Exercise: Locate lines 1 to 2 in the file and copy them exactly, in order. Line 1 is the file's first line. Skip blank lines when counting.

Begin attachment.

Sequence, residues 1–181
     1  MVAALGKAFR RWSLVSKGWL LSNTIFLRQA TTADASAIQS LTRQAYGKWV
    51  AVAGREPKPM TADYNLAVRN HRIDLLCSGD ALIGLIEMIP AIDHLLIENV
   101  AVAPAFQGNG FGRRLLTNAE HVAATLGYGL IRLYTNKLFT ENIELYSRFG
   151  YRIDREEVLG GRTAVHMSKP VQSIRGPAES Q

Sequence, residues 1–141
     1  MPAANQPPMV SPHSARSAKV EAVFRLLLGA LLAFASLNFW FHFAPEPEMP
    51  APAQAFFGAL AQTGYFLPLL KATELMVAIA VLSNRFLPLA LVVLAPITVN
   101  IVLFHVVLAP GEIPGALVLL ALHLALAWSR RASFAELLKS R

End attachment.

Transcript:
Sequence, residues 1–181
     1  MVAALGKAFR RWSLVSKGWL LSNTIFLRQA TTADASAIQS LTRQAYGKWV